Although people are suggesting the replacement of <iframe> by <div> due to the poor usability of <iframe>, there are still some cases that <iframe> is the only way to go.
Consider such case : you want to show a preview screen before the user hit “submit” button on a page with form (the data input page). When the preview button is hit, an ajax request is sent to the server asking a validation of the user input. Then the server
either generates the preview page HTML code (if the input is valid) or error message (if the input is not valid), in JSON format. The client receives the JSON response. If the JSON is an error message, then the client alerts user the error, otherwise, presents
the preview screen (the HTML codes in JSON).
All of these seem very straight forward, until the time that you are presenting the preview page HTML codes. As the preview page HTML is a full set of HTML code, including the <html>, <head> and <body>tags, and more importantly it includes a new set of CSS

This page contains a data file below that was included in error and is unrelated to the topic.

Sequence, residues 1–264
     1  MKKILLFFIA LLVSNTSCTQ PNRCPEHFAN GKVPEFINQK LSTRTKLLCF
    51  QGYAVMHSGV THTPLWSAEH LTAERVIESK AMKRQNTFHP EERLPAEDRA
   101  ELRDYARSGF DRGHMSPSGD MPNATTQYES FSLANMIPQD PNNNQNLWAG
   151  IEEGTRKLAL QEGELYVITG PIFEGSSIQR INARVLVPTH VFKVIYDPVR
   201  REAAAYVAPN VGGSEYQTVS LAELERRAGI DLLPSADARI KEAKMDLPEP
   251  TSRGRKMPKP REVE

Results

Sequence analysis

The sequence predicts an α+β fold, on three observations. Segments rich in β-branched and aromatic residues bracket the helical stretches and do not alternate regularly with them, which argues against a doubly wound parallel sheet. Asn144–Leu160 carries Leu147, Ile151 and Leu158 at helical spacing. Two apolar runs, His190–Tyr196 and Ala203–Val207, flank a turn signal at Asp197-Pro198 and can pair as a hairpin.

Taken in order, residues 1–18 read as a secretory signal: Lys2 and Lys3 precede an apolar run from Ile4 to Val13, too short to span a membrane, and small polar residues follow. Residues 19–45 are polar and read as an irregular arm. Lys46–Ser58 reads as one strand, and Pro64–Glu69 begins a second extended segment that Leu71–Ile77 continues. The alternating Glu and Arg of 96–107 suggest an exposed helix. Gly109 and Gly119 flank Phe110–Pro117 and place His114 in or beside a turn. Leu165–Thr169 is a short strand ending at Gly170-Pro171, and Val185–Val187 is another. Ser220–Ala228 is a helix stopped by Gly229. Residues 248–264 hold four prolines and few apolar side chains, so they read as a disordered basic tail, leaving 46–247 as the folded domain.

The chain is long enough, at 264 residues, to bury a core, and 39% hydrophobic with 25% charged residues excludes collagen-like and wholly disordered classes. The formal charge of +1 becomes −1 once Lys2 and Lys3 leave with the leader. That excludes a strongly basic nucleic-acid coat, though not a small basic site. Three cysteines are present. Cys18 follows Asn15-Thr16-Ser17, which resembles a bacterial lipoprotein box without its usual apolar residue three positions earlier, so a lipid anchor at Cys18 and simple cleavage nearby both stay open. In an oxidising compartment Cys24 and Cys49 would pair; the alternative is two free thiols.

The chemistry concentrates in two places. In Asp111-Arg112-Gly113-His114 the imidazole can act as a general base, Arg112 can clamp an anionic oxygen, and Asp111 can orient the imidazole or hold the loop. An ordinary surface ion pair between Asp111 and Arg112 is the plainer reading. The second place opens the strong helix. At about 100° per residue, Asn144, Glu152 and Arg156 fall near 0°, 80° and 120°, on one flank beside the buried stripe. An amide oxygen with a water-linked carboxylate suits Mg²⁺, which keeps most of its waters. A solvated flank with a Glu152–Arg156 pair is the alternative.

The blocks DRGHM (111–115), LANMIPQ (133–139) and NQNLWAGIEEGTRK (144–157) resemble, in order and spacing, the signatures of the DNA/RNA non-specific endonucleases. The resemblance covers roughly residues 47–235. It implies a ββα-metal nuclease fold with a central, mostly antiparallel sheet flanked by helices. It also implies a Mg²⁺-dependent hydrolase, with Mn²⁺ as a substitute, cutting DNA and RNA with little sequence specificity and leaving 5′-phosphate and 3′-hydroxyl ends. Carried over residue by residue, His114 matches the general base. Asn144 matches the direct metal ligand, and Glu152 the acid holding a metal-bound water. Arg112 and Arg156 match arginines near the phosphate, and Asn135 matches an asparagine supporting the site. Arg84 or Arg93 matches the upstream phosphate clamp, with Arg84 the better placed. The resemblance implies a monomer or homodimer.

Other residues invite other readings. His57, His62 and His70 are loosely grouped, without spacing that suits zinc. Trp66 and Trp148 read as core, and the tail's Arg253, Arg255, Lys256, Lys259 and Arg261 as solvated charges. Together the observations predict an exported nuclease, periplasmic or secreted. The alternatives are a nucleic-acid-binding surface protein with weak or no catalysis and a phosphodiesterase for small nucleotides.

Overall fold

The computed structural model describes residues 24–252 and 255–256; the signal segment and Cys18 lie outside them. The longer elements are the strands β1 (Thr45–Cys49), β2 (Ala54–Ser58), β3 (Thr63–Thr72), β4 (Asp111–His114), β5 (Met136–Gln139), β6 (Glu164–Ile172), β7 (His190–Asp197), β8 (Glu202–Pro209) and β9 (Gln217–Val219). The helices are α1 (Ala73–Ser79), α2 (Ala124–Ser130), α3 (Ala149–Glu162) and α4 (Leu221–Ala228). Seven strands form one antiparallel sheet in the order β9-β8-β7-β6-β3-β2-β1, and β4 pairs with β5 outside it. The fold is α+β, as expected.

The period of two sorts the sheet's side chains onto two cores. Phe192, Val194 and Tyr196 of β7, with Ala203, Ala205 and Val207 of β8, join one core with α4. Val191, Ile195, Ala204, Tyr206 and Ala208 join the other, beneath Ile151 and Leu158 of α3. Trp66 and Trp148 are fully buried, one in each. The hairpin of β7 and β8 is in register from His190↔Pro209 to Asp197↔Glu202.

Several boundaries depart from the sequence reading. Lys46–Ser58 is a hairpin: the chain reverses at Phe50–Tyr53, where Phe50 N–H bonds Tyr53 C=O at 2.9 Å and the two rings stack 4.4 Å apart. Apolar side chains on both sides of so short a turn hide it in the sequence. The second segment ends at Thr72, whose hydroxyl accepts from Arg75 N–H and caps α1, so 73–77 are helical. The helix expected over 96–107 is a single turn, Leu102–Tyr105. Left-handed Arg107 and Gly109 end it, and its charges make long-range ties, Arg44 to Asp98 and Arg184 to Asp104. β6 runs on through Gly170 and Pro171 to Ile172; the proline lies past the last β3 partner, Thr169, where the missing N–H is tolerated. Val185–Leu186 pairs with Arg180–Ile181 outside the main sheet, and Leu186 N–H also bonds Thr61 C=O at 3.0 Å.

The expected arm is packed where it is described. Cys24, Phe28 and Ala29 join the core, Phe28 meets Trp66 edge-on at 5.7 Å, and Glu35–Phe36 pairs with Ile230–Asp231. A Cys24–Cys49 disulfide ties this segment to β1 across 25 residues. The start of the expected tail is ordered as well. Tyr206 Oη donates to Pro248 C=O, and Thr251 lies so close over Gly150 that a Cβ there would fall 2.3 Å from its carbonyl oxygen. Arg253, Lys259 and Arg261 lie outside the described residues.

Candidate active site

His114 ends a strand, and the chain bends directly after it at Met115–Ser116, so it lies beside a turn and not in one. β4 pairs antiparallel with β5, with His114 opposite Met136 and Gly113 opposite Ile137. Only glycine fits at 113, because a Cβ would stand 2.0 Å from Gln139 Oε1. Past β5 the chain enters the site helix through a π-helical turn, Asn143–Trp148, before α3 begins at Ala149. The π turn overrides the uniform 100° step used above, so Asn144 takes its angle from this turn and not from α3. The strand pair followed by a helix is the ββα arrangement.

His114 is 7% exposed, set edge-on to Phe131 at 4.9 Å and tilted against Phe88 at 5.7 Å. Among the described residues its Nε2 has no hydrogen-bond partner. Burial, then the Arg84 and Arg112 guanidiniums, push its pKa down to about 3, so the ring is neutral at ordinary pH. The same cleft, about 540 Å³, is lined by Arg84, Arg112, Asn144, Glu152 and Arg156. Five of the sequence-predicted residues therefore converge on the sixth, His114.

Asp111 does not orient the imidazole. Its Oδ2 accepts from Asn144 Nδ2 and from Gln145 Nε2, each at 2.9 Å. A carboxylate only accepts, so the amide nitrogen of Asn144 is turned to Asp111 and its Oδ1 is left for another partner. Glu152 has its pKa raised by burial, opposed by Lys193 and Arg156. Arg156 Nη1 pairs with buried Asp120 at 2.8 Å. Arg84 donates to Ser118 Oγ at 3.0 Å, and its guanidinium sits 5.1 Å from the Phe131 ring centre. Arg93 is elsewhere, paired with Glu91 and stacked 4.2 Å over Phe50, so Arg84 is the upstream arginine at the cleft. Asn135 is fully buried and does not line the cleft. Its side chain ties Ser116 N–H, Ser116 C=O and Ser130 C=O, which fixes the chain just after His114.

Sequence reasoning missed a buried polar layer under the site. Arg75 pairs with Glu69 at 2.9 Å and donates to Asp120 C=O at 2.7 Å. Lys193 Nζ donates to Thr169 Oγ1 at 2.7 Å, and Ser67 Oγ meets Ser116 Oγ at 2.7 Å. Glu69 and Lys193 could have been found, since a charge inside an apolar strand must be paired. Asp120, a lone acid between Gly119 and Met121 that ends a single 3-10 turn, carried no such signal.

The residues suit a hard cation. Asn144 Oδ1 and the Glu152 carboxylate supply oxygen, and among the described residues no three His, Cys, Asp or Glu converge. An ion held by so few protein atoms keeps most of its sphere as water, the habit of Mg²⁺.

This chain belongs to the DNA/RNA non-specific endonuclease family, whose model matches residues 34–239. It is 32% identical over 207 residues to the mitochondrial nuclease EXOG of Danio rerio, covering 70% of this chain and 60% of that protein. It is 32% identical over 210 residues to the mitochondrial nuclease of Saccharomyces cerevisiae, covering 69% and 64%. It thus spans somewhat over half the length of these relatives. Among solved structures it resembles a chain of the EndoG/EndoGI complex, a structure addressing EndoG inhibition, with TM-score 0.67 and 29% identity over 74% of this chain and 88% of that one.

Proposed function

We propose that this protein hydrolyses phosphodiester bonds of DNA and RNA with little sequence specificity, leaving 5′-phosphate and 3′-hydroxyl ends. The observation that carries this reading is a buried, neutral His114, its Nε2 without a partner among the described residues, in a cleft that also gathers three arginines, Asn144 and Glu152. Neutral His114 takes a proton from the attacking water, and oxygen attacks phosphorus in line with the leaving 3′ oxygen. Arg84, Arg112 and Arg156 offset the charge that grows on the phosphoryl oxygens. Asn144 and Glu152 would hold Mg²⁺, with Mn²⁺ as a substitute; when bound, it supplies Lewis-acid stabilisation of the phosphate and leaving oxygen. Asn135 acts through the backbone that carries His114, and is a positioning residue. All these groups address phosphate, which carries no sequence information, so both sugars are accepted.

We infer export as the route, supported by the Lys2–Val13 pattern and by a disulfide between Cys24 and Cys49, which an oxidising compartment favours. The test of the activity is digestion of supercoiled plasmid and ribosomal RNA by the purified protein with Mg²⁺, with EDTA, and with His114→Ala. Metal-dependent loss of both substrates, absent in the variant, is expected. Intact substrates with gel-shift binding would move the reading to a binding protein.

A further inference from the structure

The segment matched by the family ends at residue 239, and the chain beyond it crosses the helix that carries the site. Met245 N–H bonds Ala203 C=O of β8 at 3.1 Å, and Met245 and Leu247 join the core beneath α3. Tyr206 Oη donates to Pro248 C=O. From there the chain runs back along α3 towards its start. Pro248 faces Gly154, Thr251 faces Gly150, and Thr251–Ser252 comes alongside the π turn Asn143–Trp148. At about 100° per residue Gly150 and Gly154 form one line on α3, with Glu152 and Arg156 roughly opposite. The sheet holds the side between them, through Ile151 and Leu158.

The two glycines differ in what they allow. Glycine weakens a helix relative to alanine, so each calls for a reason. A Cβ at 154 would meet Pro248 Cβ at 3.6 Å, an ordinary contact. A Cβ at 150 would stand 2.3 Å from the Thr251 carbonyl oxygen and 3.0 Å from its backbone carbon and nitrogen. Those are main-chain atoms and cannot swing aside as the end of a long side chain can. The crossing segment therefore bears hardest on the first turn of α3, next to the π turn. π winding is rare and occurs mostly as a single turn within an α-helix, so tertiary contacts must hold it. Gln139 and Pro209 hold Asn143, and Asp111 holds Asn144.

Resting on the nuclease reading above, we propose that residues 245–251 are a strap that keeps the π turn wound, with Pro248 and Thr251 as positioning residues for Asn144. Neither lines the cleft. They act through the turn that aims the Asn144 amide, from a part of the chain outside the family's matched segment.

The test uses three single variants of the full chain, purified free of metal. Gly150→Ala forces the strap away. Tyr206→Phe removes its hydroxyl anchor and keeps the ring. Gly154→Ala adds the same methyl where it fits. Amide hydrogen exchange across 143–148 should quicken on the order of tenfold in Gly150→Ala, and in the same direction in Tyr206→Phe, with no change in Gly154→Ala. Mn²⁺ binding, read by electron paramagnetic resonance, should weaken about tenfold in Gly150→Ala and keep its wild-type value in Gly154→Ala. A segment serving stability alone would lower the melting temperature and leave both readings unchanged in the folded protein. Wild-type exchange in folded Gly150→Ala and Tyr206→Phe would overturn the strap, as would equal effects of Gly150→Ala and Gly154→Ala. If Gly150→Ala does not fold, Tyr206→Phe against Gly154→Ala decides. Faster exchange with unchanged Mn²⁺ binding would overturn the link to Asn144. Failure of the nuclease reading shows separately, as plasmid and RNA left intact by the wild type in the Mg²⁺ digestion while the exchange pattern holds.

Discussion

In such case, the proper way is to present the preview screen as an independent section from the data input page. This is where <iframe> should be used instead of <div>. Everything in <iframe> is independent from its parent document, so the <iframe> can have
However, according to the specification
of <iframe>, the content of <iframe> is specified by the “src” attribute which accepts values in URL format, like “http://www.something.com/”. It cannot load dynamic HTML codes. Moreover, as <iframe> is treated like an independent section from the current
doesn’t even work properly for <iframe>.
However, after some studies on the relationship between <iframe> and its associated document contents and combined the discussion on the web, we successfully inject HTML codes into an <iframe>. Here is how we do that: